The respected Institute for Fiscal Studies has issued a dire warning about the economic consequences of independence.
David Philips of the IFS, who wrote the report, said: “The loss of Scotland to the British economy would seriously jeopardise the work of think tanks in London which rely on producing reports and forecasting to make a living. Independence closes off a lucrative source of work for dozens of experts.”
It is the latest setback for Mr Salmond who is known to be unsympathetic to economic forecasters. He worked as an oil economist for the Royal Bank and learned not to trust the judgement of experts far removed from the industries and sectors they commented on and who produced reports to suit those who paid them.
“The trouble is that no one can afford to annoy these people,” said a market analyst. “They produce the reports the newspapers publish and are taken to be true although they are only the views of one person sitting in London.” He pointed out that while the report said taxes would have to go up in Scotland, a previous IFS report said exactly the same thing would happen in the UK after the next election in order to bring down the deficit.
Mr Philips said the IFS was like many think tanks, an independent organisation that could only survive if it constantly produced reports even if no one read them. “I don’t think the Nationalists have thought this through. There will be job losses as a result of a Yes vote. And it will impact on families. I will have to forego my skiing holiday. The second car will have to go and my wife will have to take the bus to pilates. We don’t have concessionary travel down here you know.”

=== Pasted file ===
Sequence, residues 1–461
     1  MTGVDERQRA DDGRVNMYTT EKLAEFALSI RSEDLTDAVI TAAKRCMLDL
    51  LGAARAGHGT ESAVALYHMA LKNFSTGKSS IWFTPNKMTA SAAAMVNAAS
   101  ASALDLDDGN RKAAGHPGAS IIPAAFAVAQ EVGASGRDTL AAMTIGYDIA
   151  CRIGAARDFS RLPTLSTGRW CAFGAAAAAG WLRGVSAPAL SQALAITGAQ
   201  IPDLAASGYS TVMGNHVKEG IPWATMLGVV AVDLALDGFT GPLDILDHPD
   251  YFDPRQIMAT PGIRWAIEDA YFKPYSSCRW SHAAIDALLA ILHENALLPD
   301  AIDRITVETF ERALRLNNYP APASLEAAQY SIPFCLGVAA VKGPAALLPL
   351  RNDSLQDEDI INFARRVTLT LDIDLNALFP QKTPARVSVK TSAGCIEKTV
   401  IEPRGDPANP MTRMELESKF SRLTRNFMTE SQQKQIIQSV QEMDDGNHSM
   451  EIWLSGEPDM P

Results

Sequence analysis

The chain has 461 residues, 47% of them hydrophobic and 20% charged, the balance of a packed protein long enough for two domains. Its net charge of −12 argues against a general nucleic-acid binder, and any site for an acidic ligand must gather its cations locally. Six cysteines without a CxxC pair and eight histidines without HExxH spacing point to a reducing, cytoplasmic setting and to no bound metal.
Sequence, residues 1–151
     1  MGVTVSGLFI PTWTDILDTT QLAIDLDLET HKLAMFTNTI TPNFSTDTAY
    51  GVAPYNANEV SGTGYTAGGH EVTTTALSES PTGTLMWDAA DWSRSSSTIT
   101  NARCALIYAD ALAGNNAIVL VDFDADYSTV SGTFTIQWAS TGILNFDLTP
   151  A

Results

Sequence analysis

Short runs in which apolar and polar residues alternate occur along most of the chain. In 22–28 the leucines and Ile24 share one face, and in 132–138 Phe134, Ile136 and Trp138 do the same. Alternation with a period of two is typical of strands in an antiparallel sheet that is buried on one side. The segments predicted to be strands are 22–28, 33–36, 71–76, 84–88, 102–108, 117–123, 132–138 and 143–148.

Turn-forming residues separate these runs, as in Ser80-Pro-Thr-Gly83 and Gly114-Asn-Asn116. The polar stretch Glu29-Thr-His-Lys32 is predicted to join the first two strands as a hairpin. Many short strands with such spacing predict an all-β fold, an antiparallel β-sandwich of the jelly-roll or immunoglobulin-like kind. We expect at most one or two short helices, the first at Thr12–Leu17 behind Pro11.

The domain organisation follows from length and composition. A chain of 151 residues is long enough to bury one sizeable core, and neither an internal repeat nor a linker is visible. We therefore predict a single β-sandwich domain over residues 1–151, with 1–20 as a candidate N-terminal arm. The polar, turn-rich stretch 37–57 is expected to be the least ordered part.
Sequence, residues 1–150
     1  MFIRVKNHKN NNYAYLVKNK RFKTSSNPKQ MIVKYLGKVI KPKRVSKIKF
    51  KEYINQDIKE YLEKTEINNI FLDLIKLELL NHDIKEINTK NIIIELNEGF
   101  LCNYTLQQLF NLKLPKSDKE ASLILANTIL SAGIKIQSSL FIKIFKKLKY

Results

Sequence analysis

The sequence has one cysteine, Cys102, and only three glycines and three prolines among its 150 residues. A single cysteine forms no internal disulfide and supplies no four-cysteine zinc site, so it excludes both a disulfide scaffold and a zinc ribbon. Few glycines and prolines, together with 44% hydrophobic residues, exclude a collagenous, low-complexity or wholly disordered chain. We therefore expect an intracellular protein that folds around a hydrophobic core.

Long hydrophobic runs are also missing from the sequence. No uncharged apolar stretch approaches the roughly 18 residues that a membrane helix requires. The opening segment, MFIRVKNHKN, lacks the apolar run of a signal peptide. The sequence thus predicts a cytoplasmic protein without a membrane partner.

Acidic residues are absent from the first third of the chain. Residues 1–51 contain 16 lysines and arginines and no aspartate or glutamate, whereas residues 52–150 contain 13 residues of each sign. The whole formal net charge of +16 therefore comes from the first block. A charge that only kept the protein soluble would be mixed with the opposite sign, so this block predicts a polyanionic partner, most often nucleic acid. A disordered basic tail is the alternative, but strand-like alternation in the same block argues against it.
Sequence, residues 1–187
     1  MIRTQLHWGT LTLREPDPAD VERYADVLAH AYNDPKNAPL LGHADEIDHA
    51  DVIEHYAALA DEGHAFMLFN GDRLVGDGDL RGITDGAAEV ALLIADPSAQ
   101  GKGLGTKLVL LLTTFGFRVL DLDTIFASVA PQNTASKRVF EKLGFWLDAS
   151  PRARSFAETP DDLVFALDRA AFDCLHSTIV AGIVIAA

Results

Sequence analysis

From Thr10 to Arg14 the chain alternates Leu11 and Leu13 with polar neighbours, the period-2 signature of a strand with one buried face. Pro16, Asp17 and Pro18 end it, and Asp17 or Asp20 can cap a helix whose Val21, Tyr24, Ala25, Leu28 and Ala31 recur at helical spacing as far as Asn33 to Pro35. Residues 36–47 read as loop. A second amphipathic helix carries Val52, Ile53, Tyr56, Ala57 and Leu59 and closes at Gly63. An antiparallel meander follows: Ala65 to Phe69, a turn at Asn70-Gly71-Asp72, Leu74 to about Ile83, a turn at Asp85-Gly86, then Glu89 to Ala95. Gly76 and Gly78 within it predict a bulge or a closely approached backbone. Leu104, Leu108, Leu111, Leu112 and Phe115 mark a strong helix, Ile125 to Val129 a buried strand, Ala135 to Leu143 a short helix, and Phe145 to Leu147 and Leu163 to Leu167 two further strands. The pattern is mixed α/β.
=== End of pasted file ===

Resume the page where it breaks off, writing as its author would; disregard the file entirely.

Critics point out that today’s IFS report on Scottish debt bases its analysis on the Office of Budget Responsibility’s oil forecasts which are at odds with industry estimates which are much higher. They say the IFS director Andrew Dilnot now works at the OBR and there is a link between them. The OBR has a dismal economic forecasting record and is regarded as a politicised organisation by Mr Darling.
But Mr Philips denied collusion. “We don’t answer to the OBR,” he said. “We answer to clients and our corporate members who are completely unbiased and non political….members like the Bank of England, Barclays, British and American Tobacco, the CBI, Deloitte, HBOS, Revenue and Customs, the Treasury, HSBC, the Institute of Directors, the Investment Management Association, KPMG, Pricewaterhouse Coopers, Shell, Standard Chartered, Zurich Financial Services. You’re not telling me they are all biased against independence….”
A Better Together spokesman said: “This proves what we’ve said all along. That if you keep publishing pessimistic reports based on dodgy statistics, you break peoples’ will and eventually they give up. Vote NO.”